1st Edition

The Routledge Handbook of Philosophy and Implicit Cognition

Edited By J. Robert Thompson Copyright 2023
    438 Pages 6 B/W Illustrations
    by Routledge

    Humans think of ourselves as acting according to reasons that we can typically articulate and acknowledge, though we may be reluctant to do so. Yet some of our actions do not fit this mold—they seem to arise from motives and thoughts that appear outside of our control and our self-awareness. Rather than treating such cases as outliers, theorists now treat significant parts of the mind as operating implicitly or ‘behind the scenes’. Mental faculties like reasoning, language, and memory seem to involve this sort of implicit cognition, and many of the structures we use to understand one another seem infused with biases, perceptions, and stereotypes that have implicit features.

    The Routledge Handbook of Philosophy and Implicit Cognition is an outstanding guide and reference source to this important topic. Composed of  more than thirty chapters by an international team of contributors, the Handbook is divided into eight clear parts:

    • Defining Features? Identifying Implicitness Among Cognate Notions
    • The Nature and Limits of Implicit Processing
    • Ways of Perceiving, Knowing, Believing
    • Language
    • Agency and Control
    • Social Cognition
    • Memory
    • Learning and Reasoning.

    The Routledge Handbook of Philosophy and Implicit Cognition is essential reading for students and researchers in philosophy of psychology, moral psychology, and philosophy of mind, and will also be of interest to those in related disciplines such as psychology, neuroscience, and linguistics.

    Introduction: In Search of the Implicit J. Robert Thompson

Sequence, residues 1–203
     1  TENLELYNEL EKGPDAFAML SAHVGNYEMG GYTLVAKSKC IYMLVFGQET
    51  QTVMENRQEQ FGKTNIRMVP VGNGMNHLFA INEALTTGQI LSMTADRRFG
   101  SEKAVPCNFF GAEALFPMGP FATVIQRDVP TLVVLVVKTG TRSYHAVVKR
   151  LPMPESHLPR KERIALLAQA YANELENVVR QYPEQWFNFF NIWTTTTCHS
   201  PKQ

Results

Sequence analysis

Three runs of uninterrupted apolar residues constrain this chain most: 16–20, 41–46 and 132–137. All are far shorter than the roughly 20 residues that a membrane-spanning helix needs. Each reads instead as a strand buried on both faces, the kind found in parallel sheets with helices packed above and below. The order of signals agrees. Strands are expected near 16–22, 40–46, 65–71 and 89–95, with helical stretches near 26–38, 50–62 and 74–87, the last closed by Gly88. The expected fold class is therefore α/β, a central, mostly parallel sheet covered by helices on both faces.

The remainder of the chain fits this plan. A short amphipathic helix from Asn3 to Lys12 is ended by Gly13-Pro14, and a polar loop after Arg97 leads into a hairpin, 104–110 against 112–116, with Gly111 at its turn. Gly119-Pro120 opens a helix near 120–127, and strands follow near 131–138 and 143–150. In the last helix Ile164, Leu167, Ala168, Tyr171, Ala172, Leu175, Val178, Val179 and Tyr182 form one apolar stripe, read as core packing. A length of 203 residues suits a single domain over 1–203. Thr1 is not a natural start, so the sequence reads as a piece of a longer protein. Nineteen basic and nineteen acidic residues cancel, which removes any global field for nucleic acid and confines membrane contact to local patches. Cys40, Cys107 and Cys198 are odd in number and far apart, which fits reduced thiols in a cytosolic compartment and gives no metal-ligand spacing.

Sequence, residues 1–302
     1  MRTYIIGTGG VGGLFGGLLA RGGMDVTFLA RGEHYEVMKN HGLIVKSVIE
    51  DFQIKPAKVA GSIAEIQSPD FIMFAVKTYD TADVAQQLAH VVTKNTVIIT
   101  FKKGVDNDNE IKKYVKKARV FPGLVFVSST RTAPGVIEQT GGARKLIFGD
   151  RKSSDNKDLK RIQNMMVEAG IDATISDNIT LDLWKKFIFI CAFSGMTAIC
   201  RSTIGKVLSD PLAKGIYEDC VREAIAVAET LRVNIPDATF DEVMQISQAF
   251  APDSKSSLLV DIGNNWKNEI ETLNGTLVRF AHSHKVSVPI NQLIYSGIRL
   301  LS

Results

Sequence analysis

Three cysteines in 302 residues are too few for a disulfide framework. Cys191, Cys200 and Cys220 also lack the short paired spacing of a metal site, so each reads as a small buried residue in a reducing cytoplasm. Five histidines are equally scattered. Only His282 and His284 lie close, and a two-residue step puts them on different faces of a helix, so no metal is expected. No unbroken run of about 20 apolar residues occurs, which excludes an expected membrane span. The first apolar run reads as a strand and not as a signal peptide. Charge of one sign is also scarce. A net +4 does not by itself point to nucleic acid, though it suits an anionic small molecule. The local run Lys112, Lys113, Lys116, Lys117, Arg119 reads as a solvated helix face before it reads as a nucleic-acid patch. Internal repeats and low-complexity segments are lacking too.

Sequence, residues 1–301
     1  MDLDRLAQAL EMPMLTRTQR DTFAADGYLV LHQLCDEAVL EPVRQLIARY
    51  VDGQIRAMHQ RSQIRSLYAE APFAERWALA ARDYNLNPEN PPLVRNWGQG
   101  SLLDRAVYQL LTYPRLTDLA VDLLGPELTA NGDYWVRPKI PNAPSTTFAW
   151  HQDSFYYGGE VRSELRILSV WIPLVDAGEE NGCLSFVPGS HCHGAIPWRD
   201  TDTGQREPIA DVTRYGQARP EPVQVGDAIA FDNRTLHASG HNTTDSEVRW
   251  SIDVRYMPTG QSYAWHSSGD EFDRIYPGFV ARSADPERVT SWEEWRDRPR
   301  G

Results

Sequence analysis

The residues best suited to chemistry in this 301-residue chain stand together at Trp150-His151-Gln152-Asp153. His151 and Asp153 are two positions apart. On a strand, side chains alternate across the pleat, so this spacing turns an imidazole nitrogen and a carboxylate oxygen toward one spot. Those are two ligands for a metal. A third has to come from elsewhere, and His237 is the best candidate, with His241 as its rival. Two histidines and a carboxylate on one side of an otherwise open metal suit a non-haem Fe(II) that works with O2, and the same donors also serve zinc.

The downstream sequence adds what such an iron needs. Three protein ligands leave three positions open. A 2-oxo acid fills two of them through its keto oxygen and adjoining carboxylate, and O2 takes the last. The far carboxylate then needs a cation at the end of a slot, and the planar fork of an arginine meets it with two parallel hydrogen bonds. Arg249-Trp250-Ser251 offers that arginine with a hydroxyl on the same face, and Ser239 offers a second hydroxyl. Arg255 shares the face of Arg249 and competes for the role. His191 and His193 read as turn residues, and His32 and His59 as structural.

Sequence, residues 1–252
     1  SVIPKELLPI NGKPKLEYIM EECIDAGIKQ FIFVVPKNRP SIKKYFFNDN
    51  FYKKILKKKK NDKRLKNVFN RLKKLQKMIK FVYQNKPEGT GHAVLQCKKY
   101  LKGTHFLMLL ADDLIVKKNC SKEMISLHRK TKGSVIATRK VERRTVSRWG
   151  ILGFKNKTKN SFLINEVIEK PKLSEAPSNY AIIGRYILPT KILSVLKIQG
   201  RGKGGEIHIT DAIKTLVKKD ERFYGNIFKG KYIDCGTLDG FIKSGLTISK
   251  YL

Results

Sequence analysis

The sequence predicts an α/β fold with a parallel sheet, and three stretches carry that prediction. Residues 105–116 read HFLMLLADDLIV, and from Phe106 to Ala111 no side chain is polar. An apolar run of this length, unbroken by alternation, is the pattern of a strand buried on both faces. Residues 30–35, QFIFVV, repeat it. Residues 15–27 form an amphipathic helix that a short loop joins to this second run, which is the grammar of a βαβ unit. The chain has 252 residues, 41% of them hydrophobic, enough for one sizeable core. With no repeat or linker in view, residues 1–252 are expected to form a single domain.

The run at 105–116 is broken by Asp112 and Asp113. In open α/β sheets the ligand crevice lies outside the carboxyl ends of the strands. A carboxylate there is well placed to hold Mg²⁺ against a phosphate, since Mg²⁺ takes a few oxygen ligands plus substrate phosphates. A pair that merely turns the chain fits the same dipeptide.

Part 1: Defining Features? Identifying Implicitness Among Cognate Notions

    1. Implicit Mental Representation William Ramsey

    2. Measuring and Modeling Implicit Cognition Samuel A.W. Klein and Jeffrey W. Sherman

    3. Implicit Cognition and Unconscious Mentality Tim Crane and J. Robert Thompson

    4. Implicit Cognition in Relation to the Conceptual/Nonconceptual Distinction José Luis Bermúdez and Arnon Cahen

    5. The Fragmented Mind: Personal and Subpersonal Approaches to Implicit Mental States Zoe Drayson

    6. The Levels Metaphor and the Implicit/Explicit Distinction Judith Carlisle

    Part 2: The Nature and Limits of Implicit Processing

    7. Implicit Cognition, Dual Process Theory, and Moral Judgment Charlie Blunden, Paul Rehren, and Hanno Sauer

    8. Implicit Bias and Processing Ema Sullivan-Bissett

    9. Predictive Processing, Implicit and Explicit Paweł Gładziejewski

    10. Cognitive Penetration and Implicit Cognition Lucas Battich and Ophelia Deroy

    Part 3: Ways of Perceiving, Knowing, Believing

    11. Helmholtz on Unconscious Inference in Experience Lydia Patton

    12. Husserl on Habit, Horizons, and Background Dermot Moran

    13. Polanyi and Tacit Knowledge Stephen Turner

    14. Tacit Knowledge Tim Thornton

    15. Collective and Distributed Knowledge: Studies of Expertise and Experience Harry Collins

    16. Implicit Beliefs Joseph Bendaña

    17. Implicit Self-Knowledge Kristina Musholt

    Part 4: Language

    18. Chomsky, Cognizing, and Tacit Knowledge John Collins

    19. Language Processing: Making It Implicit? David Pereplyotchik

    20. Implicit Knowledge in Pragmatic Inference Chris Cummins and Albertyna Paciorek

    Part 5: Agency and Control

    21. Implicit Mechanisms in Action and in the Experience of Agency Sofia Bonicalzi

    22. Implicit Cognition and Addiction: Selected Recent Findings and Theory Reinout W. Wiers and Alan W. Stacy

    23. Phenomenology, Psychopathology, and Pre-Reflective Experience Anthony Vincent Fernandez

    Part 6: Social Cognition

    24. Race and the Implicit Aspects of Embodied Social Interaction Jasper St. Bernard and Shaun Gallagher

    25. Implicit Social Cognition Shannon Spaulding

    26. The Development of Implicit Theory of Mind Hannes Rakoczy

    Part 7: Memory

    27. Implicit Memory Sarah K. Robins

    28. Memory During Failures of Recall: Information That Is Forgotten Is Not Gone Anne M. Cleary

    Part 8: Learning and Reasoning

    29. Implicit Reasoning  Thomas Sturm and Uljana Feest

    30. Implicit Knowledge of (Parts of) Logic, and How to Make It Explicit Keith Stenning and Michiel van Lambalgen

    31. What Is It Like to Learn Implicitly? Arnaud Destrebecqz



    J. Robert Thompson is Associate Professor of Philosophy at Mississippi State University, USA. He studies implicit phenomena as they arise within the fields of developmental psychology, psycholinguistics, and the philosophy of language.